The move to virturalization leaves no stone left unturned. It touched the public network via EC2 (and now a host of hosts) it formed the Cloud and fused a new generation of the Internet. Service orientated also hits the data centers and this means things like switches, servers, and disk.
At the core of the movement of virtualization movement is freedom of the physical environment. Optimize hardware performance and set the workload free. In the process of doing this, a promise of cost savings has set a off a storm in re-factoring the data center.
This is the first in a series of posts taking a look at areas of the data center and how an openness strategy become a driver for winning customers by bringing costs down.
We took a look at the storage landscape from the eyes of Hitachi Data Systems, "HDS".
Hu Yoshida, CTO of HDS. He gave us a practical overview on how the needle of enterprise costs are being reduced focusing on reducing operational costs.We spoke with
One thing the he mentioned was that Hitachi's HDS division was able to grow in the storage business in this tough climate, which is amazing considering it is an industry that follows economic spending as a whole.
Yoshida attributes part of this to HDS decision to deliberately disrupt their own "closed" box solution where storage and management are sold together. This allows IT shops to have more choice, and decouple vendors. He said that this was a big decision for the company, as it opened up more competition to a core business.
Protocol vs. API
Yoshida said that the team at HDS decided it was inevitable for this protocol level standardization to exist. His team felt that HDS needed to be a leader in this opportunity. He cited a customer that uses an HDS head as a management function that had NetApp behind it as a pattern they supported that several years ago would have been done by partnership rather than protocol level support.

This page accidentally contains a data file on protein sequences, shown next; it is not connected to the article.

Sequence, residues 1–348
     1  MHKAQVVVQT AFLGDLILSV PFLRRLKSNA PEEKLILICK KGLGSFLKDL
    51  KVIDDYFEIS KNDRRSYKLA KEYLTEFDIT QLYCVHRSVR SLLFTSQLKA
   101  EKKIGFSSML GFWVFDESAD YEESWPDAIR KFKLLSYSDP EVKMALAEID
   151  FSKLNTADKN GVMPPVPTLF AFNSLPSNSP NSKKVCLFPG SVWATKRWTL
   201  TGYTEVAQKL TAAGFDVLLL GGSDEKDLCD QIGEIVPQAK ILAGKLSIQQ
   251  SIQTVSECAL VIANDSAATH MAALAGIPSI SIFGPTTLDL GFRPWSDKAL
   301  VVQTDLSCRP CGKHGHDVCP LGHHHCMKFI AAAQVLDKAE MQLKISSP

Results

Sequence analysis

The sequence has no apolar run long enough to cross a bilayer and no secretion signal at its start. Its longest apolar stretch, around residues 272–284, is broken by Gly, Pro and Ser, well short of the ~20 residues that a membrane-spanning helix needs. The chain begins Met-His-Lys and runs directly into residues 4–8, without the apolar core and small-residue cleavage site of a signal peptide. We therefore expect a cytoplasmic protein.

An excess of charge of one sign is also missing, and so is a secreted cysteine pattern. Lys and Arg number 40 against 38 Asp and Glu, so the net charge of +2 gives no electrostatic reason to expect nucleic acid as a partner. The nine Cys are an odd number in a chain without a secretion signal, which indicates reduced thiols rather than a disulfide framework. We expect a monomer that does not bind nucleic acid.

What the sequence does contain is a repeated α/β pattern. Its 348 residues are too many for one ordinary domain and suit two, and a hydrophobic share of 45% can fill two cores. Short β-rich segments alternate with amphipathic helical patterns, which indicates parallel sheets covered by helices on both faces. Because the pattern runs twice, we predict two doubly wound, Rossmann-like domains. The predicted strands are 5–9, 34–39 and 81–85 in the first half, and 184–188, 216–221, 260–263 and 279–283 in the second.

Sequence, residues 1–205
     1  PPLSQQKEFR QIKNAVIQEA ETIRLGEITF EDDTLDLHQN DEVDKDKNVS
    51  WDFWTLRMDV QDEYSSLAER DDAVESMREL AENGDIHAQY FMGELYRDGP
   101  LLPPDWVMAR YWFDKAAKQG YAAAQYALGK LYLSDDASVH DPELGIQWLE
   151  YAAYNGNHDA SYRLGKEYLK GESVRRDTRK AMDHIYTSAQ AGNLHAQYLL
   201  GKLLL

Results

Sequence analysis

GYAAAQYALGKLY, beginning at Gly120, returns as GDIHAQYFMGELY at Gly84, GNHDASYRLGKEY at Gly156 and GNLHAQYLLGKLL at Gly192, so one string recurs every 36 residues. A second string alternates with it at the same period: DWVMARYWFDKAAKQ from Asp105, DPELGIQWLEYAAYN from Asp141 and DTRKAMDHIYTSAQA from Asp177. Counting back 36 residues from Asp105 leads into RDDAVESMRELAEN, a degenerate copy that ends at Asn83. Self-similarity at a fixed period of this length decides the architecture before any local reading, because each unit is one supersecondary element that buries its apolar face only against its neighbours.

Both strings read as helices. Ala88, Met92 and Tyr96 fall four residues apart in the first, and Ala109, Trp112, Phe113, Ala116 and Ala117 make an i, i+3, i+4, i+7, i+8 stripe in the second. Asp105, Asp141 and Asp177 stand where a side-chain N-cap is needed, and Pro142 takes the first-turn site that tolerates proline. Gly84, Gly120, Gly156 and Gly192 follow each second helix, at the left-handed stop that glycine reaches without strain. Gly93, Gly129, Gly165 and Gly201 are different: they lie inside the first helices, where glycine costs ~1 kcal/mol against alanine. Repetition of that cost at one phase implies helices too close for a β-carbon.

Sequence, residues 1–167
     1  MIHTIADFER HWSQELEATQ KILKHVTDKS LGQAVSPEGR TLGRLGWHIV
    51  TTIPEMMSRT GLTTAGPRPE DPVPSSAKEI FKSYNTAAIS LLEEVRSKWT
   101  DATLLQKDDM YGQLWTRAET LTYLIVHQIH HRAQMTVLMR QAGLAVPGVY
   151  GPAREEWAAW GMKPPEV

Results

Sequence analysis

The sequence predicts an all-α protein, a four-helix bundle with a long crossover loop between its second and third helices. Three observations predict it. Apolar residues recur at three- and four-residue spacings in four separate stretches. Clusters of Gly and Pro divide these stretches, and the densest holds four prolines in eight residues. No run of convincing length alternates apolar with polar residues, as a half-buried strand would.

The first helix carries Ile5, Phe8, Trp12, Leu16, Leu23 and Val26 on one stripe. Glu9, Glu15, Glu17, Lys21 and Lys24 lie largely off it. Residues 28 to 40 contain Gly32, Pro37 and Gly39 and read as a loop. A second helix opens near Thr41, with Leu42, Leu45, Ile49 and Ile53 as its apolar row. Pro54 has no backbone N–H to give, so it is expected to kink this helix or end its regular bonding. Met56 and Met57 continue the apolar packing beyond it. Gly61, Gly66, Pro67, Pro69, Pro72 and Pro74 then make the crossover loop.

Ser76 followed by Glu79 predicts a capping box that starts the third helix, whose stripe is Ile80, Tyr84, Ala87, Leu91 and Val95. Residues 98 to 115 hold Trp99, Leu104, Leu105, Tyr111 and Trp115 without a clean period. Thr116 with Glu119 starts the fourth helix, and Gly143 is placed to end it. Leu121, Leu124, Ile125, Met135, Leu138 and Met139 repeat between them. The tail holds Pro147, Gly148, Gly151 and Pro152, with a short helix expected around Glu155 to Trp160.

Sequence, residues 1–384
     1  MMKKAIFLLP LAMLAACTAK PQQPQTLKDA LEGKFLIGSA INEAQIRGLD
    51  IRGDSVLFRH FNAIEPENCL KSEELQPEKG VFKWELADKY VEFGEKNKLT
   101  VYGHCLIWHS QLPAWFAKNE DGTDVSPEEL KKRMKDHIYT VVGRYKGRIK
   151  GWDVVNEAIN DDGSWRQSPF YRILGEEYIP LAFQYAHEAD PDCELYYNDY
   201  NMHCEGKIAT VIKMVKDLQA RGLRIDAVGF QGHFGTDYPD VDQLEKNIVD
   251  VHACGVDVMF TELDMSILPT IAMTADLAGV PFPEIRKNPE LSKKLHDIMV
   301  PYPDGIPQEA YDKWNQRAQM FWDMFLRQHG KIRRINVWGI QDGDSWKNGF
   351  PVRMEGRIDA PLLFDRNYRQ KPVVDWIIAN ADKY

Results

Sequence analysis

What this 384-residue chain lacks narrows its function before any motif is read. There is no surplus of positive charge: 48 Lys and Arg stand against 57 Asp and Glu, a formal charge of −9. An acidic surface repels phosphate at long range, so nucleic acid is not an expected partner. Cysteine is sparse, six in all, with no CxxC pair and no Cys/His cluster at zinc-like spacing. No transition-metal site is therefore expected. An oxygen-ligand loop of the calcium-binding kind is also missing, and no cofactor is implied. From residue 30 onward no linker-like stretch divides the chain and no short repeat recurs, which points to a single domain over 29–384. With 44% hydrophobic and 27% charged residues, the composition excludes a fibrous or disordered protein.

Although in this scenario HDS didn't win "all tiers" of this storage solution, it was able to be a fabric and join a customer that "loves NetApp" and loves HDS too.
Mr. Yoshida said that his company decided to fully embrace the protocol level integration with the surrounding systems, instead of only releasing only APIs, as a means to allow more competition - and cooperation in the ecosystem through technology rather than selective partnerships.
Considering the TiersAn area of storage that is ripe for cost savings is supporting different types of solutions, e.g. production vs. development and classes of storage based on the application.
New Considerations for Tiered Storage, Hu examines reduction of costs.In his blog post,
Looking under the covers we see that there is a lot of questions to ask in the details of these strategies, and marketing matters in how solutions are perceived and how different types of hardware (for example Seagate vs. HDS) make a difference for buyers, and that to be a leader, it is key to have answers across the industry ecosystem.
When we look at the decision being on moving the cost needle down for operations management instead of hardware savings, it becomes clear that playing nicely pays. HDS is a company that plays on both sides of the storage spectrum (management layer and disk) and it's partnerships include relationships with HP (as OEM) and companies like Cisco and Brocade as go-to-market partners. It is tempting to "hardwire" solutions together, but it is a bigger win when instead these are loosely coupled and partner-ready.
Looking at it from the angle of cost reduction for open standards gives the pivot point to consider this natural tension offered by virtualization has a promise binding vendors together to optimize their solutions for the plug-and-play data center.
Does an open protocol powered data center reduce total costs? IBM, HP, Cisco, NetApp, Oracle...Hitachi thinks so, do you?